Things become more interesting when a mysterious violinist begins to play for Triana under her bedroom window and his music is soothing, as well as dangerous. Triana feels that it’s giving her ideas and is driving her insane (although, how more insane could a person become?). It is revealed that the virtuoso violinist is the ghost of a Russian aristocrat, Stefan Stefanovsky. I became intrigued, especially since it was his wish to drive Triana insane, making him a sort of incubus creature. His power lies in the violin that is a ghost as well and therefore a haunted object. I really liked the idea. However, it is never revealed why he chose Triana and what he wanted from her. It was not her sanity, but I don’t know what it was. I’ve been able to analyse complex books, but this one is beyond me. I just can’t read between the lines when you have nothing to work with, no clues, nothing. Stefan and Triana engage themselves in a sort of battle of wits and then, something unexpected happens. Triana, who is pretty much tone deaf, but is a great lover of music, in particular of Beethoven, manages to take the violin from Stefan’s hands, robbing him of his power somehow (Stefan is unable to claim back the violin) and turns into a virtuoso, his talent pouring into her.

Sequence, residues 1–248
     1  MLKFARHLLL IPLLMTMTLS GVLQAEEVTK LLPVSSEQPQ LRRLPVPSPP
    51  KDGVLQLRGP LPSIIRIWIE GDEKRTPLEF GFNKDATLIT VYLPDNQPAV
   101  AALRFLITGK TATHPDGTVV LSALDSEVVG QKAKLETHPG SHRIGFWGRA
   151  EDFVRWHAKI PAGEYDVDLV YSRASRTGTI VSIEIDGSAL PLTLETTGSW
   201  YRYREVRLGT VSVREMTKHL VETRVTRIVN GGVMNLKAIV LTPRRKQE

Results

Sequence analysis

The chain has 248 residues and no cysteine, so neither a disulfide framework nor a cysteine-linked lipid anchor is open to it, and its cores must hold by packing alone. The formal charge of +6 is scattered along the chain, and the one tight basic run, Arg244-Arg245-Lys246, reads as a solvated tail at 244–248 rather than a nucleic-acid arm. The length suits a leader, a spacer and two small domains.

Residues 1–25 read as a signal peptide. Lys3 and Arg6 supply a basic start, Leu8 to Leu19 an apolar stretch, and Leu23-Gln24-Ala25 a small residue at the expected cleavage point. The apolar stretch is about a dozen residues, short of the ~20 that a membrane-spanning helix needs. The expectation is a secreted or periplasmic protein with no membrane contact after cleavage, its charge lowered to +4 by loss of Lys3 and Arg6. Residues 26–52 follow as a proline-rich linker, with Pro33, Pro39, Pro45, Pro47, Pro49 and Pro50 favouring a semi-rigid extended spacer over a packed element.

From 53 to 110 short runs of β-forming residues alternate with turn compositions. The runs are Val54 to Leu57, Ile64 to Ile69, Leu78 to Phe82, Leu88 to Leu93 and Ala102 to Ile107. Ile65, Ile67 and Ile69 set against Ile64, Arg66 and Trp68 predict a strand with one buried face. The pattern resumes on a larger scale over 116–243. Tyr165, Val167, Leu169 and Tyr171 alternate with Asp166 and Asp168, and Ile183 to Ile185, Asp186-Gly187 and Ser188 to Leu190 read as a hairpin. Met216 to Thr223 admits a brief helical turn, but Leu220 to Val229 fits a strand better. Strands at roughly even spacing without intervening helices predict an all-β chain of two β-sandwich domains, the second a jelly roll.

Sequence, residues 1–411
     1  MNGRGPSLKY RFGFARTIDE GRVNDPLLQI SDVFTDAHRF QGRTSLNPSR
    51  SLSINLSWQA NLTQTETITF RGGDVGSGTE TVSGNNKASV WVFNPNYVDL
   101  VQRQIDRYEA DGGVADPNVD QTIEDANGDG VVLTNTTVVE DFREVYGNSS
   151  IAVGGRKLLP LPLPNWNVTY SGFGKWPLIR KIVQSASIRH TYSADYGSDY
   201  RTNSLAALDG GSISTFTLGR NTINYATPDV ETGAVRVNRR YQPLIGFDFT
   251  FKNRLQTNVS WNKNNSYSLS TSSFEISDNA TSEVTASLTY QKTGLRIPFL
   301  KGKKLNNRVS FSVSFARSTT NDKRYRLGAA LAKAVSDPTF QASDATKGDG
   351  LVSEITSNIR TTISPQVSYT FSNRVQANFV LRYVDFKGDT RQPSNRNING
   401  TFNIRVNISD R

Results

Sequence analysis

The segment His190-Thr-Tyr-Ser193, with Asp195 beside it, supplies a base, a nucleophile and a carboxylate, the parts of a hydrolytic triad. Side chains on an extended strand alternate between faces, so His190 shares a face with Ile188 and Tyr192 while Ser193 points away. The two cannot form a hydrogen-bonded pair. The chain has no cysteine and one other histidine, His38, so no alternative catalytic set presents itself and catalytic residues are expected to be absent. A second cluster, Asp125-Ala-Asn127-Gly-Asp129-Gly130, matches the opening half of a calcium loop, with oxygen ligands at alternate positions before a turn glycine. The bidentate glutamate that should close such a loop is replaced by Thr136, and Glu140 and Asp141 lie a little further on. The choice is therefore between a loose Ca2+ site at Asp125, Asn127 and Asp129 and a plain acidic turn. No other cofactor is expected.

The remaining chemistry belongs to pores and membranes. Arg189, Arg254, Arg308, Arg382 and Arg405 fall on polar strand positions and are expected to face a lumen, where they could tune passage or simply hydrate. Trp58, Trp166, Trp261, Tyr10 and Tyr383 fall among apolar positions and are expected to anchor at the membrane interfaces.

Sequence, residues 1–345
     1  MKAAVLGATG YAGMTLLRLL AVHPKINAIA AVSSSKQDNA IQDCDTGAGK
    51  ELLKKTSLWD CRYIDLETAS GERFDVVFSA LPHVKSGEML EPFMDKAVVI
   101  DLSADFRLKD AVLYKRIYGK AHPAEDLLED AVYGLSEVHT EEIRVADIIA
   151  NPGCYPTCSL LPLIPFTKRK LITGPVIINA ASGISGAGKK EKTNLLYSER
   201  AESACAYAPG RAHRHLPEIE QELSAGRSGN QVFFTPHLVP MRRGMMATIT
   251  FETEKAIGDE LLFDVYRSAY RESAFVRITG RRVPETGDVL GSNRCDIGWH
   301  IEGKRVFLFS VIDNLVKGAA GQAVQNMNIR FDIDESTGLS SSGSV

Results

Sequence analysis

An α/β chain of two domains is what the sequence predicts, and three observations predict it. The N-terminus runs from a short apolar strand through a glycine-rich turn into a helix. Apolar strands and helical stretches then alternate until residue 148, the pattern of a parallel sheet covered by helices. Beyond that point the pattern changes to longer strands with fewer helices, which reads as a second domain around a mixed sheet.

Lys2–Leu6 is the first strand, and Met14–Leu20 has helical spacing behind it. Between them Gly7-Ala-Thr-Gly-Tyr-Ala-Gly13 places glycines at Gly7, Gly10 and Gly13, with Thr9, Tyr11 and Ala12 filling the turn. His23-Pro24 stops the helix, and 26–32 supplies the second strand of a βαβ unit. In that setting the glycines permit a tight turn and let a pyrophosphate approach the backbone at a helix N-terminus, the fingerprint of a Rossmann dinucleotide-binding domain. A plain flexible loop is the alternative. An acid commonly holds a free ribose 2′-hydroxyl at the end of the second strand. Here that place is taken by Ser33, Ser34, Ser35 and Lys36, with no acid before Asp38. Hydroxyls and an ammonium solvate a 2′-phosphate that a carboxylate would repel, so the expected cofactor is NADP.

Stefan gets really angry and takes her with him into the realm of ghosts. This part was really good to read. Stefan’s past is revealed, as well as how he died. He died for the violin that became a ghost together with him and over the years, he became so strong that humans could see him and touch him as if he, too, were still human. We meet Beethoven’s ghost, Triana’s “guardian angel”. I have no explanation for this. Triana is a random human being and I have no idea why all these ghosts are on her side and not on Stefan’s. The idea of Beethoven being someone’s ghostly ally, without any specific reason, is very far-fetched to me. Moreover, Beethoven was not in character, and neither seemed to be Paganini, who also appears in the novel.

After this part, the novel just tries to fill the last hundred pages, it seems. Triana becomes the new Susan Boyle, selling records and holding concerts, as she is now a famous virtuoso, playing magical songs on Stefan’s violin. In the end, she returns the violin to him, but I have no idea why. I just highly dislike books where things are only clear to the characters, but the reader has no clue about what just happened. Reading between the lines is fun, but you need to have some lines in the first place to support such reading.